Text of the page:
Heron, S., "Fuel Requirements of the Gasoline Aircraft-Engine," SAE Technical Paper 300024, 1930, doi:10.4271/300024.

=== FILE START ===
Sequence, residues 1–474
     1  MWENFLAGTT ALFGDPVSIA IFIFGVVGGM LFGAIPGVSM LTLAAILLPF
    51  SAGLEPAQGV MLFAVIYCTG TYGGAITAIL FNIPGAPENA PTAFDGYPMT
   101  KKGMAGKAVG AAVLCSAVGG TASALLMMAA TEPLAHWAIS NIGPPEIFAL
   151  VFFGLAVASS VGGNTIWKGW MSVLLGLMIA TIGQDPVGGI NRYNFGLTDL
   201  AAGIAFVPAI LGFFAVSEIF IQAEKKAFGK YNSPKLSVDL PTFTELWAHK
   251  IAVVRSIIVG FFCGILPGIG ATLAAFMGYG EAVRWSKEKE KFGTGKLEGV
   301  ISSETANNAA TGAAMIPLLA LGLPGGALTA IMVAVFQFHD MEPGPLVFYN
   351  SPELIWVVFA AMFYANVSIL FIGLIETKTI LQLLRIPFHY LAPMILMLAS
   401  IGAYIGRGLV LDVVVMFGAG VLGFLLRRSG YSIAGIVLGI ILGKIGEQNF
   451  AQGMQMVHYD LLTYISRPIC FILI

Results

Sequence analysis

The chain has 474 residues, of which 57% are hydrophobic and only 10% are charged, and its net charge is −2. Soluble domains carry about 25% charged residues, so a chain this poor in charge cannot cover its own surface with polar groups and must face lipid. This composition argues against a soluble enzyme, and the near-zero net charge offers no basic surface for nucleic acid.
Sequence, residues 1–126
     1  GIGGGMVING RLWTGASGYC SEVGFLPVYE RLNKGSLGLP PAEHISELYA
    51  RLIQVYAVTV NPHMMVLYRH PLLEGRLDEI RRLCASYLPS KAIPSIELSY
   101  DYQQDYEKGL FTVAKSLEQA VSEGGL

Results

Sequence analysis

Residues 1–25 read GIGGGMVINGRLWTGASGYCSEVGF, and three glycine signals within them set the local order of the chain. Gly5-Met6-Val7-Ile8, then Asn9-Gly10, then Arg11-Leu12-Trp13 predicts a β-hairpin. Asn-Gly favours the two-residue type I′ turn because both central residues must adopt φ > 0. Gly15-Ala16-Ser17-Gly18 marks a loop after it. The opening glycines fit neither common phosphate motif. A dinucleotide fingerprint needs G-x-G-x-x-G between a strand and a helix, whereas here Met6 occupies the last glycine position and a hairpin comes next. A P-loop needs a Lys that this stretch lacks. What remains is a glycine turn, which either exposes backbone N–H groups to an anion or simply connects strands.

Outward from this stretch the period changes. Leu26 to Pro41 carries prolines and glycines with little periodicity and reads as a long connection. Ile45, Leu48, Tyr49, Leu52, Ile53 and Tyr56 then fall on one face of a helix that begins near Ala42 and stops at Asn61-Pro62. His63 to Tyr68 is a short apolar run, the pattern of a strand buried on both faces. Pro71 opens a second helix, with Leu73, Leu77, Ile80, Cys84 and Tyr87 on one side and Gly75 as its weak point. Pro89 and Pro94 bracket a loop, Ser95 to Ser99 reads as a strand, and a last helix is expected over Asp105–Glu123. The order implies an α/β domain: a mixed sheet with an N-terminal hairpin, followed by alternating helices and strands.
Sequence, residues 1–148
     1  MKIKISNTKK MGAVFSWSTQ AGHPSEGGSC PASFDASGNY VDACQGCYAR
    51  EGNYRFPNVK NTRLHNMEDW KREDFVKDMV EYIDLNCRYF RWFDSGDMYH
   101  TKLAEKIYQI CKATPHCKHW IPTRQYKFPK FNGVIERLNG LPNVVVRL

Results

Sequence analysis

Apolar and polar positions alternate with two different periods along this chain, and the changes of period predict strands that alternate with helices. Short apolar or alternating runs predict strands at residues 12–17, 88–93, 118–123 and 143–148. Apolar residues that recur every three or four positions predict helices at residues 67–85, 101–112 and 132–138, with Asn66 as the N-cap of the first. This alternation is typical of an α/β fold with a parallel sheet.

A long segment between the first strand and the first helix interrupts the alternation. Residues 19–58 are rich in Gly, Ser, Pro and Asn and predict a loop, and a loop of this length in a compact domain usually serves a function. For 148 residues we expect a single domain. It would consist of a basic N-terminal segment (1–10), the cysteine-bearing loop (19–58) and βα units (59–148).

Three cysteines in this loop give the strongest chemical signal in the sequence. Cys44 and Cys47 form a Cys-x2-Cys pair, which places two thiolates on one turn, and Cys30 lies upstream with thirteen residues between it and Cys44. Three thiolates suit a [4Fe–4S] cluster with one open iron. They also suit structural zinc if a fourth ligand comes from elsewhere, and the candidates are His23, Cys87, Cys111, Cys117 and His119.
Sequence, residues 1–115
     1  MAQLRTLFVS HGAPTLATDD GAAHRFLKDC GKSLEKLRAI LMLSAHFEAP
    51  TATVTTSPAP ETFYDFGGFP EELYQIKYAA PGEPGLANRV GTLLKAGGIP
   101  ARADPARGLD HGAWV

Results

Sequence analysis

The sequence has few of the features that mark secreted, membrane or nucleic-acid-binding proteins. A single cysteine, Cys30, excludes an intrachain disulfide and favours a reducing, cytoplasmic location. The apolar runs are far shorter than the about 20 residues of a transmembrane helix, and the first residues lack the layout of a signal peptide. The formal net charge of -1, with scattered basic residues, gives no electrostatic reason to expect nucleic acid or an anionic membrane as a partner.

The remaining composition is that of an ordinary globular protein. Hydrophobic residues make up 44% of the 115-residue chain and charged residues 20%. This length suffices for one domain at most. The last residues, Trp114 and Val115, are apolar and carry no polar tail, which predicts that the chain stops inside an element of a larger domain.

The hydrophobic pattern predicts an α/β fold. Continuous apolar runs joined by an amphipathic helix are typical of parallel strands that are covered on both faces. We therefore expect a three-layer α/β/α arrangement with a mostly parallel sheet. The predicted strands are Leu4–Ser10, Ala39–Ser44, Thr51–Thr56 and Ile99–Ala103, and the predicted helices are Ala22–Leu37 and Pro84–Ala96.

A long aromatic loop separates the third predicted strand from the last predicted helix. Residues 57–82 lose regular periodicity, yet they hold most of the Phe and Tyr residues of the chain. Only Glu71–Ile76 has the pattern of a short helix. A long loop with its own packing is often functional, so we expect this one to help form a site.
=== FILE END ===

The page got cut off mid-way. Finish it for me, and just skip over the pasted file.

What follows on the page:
FUELS for use in aircraft engines are discussed with reference to their antiknock value, volatility, vapor-locking and engine-starting properties, gum content and availability, and to antiknock agents.The usefulness of a fuel for spark-ignition engines is stated to be limited by its tendency to heat the cylinder and the piston unit. Definite evidence is available that the tendency of fuels to heat the cylinder unit is not always in accord with their tendency to cause audible knocking.The fuel required depends upon the compression ratio of the engine, its volumetric efficiency, the design, size and temperature of the cylinder unit, and the rate of revolution. Mid-Continent Domestic Aviation gasoline having an approximate antiknock value of 50 octane-50 heptane gives excellent results if the engine output is kept within the limitations of this fuel but is not suitable for many modern aircraft engines if flown wide open at sea level. Fuel having an antiknock value of 70 to 75 octane, 30 to 25 heptane is amply good for most modern commercial and military airplanes, except certain fuels that lose antiknock value excessively at high cylinder-temperature. For engines of the ground-boosted, high-compression and high-cylinder-temperature types, the Air Corps intends to standardize on an antiknock value of 87 octane 13 heptane.Engine performance that is now being secured by the Materiel Division of the Air Corps does not seem to be commercially possible without the addition of tetraethyl lead to the fuel.In present type engines Domestic Aviation gasoline does not seem to be volatile enough, as somewhat excessive heating of the induction system is necessary for the minimum specific fuel consumption, and such heating results in a reduction of power output. Therefore the Air Corps has adopted for use in super-performance engines a fuel meeting the volatility requirements of the Federal Specifications Board for Fighting Grade gasoline, with certain modifications called for by United States Army Specification Y-3557-A.Vapor-locking trouble in present military equipment is violently accentuated by gasoline having a Reid vapor pressure in excess of 7 lb. per sq. in. at 100 deg. fahr. Therefore, pending development of improved fuel systems, Specification Y-3557-A fixes an upper limit of 167 deg. fahr. on the 10-per cent-evaporated point and a maximum Reid vapor pressure of 6½ lb. at 100 deg. fahr. The Air Corps, however, is working to improve fuel systems, which it believes should embody pressure feed of the fuel by a pump the suction of which is below the lowest point of the fuel tanks, which is not subjected to heat and which has a capacity greatly in excess of the maximum engine-demand. It plans a system that will avoid pump vapor-locking with fuel having a vapor pressure of 16 to 17 lb. per sq. in. at 100 deg. fahr.Little reason seems to exist at present for excluding cracked gasoline for aviation use. Endurance tests in flight have shown no undesirable effects from gum in such gasolines containing less than 10 mg. per 100 cc.Ample supplies of Fighting Grade gasoline having an antiknock value of 70-75 octane 25-30 heptane, of both gum-stable cracked and straight-run types, seem to be available. Apparently the best method of increasing the antiknock value is the addition of tetraethyl lead and aromatics. Benzol seems to be relatively ineffective at high cylinder-temperatures and causes ice formation in the fuel system if more than 20 per cent is added to the gasoline. Aromatics of low freezing-point, synthesized from benzol, apparently are the only other generally available antiknocks suitable for sufficiently raising the antiknock value. The Air Corps feels that troubles arising from the use of tetraethyl lead in aircraft engines can be overcome by changes in engine design, material and lubrication.Very large supplies of straight-run California gasoline that will meet the antiknock value required by Army Specification Y-3557-A with less than 6 cc. of lead per gallon are available; and straight-run gasolines from other crudes that will meet the requirements seem to be obtainable in considerable quantity. Some cracked gasolines without lead additions are found to be superior to straight-run California gasolines without lead additions, but their response to added lead seems to be slight.